Although her models remain still, Casteel’s paintings never feel static. In part that’s because she rarely renders a figure or an object in a single shade. Her brush strokes have become more fluid over the years, and her pictorial choices more confident, imbuing her latest portrait series, of her students at Rutgers University-Newark, with impressive kinetic energy. For example, the right foot of “Noelle” (2019) melds with the blankets it rests on and becomes an abstract wave of yellow and brown. In “Serwaa and Amoakohene” (2019), a young man and his mother sit proudly and comfortably with their arms resting on each other in a living room awash with color and pattern. You half expect them to spring to life and start talking.

This approach links Casteel to one of her primary inspirations, Alice Neel, who used composition and color to heightened emotional effect. But whereas Neel’s portraits aim for psychological penetration, Casteel’s tend to only hint at what’s beneath the surface. Like the photographs they’re based on, they appear to capture a moment in time, a social exchange or relationship, more than the essence of a person. At her strongest, Casteel seems to be painting her way toward intimacy, balancing her artistic vision with her subjects’ self-presentation. Occasionally that productive tension goes missing, resulting in a work, like “Shirley (Spa Boutique2Go)” (2018), that feels emotionally thin.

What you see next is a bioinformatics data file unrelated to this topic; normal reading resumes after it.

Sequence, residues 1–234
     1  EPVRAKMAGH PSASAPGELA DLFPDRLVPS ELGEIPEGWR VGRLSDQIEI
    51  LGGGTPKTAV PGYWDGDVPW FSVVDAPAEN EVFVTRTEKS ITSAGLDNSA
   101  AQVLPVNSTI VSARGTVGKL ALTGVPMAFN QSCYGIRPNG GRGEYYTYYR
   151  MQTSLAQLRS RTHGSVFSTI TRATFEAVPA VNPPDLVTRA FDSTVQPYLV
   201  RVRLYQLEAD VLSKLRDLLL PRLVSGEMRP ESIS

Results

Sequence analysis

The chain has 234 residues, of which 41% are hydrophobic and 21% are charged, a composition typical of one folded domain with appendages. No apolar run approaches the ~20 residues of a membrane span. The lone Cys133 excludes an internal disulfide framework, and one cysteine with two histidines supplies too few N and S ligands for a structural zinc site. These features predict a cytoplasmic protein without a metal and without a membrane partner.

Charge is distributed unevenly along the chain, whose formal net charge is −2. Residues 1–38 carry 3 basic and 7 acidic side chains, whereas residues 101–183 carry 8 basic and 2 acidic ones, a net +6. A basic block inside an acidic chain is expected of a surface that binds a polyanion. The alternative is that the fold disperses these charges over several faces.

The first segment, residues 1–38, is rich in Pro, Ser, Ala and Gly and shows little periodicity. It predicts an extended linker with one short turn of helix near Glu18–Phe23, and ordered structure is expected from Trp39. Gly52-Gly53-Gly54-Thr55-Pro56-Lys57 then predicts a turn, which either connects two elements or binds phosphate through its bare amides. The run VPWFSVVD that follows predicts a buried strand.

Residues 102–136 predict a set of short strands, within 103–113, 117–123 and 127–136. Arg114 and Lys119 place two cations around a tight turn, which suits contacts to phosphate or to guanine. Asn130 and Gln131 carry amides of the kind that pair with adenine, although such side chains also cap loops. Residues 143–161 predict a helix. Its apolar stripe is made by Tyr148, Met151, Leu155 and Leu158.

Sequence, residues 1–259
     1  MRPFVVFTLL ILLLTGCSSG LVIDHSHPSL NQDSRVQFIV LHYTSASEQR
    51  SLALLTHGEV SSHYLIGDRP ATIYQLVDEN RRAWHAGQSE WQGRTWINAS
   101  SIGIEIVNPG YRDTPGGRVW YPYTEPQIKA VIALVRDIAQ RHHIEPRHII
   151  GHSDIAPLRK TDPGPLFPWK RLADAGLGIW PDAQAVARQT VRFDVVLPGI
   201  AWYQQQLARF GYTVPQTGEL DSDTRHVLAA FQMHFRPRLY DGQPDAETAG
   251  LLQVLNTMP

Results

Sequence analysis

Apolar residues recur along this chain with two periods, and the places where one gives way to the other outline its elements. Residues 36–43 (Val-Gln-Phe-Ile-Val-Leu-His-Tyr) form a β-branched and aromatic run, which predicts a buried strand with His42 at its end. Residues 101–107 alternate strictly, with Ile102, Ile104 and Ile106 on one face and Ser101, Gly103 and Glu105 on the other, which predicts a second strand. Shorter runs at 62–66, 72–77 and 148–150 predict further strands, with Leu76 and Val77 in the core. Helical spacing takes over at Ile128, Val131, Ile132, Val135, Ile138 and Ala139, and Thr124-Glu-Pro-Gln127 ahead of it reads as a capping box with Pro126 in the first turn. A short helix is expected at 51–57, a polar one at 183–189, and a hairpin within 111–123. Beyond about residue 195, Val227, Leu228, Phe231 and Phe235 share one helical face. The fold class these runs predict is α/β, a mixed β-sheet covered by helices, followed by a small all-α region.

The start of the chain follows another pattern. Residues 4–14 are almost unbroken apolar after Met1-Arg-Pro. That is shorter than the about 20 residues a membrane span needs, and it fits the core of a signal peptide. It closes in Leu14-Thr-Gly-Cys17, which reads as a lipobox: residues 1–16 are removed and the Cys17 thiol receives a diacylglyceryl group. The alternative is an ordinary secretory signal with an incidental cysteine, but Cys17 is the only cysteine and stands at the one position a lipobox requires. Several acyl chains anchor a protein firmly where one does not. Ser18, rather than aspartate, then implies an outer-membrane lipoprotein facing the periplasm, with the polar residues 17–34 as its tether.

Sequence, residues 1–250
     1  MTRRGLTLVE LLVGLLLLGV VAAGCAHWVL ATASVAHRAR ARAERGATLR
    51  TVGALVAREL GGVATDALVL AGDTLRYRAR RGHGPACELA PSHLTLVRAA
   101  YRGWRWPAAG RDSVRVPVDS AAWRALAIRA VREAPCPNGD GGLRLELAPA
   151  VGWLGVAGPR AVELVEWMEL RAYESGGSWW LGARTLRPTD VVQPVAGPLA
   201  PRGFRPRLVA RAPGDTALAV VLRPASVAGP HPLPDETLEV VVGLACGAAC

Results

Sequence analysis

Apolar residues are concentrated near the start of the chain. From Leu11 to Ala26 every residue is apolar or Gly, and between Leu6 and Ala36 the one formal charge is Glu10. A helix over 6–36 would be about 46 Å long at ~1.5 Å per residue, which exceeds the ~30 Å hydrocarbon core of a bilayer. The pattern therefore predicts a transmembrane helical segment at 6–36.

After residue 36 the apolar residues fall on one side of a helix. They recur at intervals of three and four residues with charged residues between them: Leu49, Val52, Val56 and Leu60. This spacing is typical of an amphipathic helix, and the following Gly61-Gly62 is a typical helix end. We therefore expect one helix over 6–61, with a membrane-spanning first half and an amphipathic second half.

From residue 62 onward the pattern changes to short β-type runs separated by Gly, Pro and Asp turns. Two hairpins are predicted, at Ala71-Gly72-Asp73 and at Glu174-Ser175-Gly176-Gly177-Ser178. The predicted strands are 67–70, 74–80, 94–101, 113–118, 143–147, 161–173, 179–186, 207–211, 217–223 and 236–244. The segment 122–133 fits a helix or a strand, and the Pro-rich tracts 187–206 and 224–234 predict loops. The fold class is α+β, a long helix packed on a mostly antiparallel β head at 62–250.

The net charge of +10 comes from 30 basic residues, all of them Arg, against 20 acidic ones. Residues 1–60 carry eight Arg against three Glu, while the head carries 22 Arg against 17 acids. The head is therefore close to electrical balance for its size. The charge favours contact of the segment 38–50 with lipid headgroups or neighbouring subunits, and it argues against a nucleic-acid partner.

Still, it’s important to note that Casteel is only 31 — young to be having a museum exhibition that caps off a dizzyingly successful period since her graduation. Many of the almost 40 paintings in “Within Reach” are recognizable from the regular gallery shows she’s had in New York City since 2014, and nearly every piece comes from a private collection. This casts a slight hyped-up, market-driven pall over the presentation.

Casteel is at a crucial moment when she needs to experiment and develop, not become boxed in. So it’s encouraging to see the inclusion of works from an ongoing series, begun in 2017, in which she paints scenes she’s observed on the subway. They’re not posed, and they often don’t show people’s faces, only gestures and quiet moments. The figures’ anonymity gives the scenes a heightened emotional power in our age of social distancing. Taken alongside Casteel’s portraits, they offer another way of arriving at what may be her true subject, and a message to carry with us until safer times: Getting close to other people — within reach, you might say — is a way of choosing to live in the world.

© 2020 The New York Times Company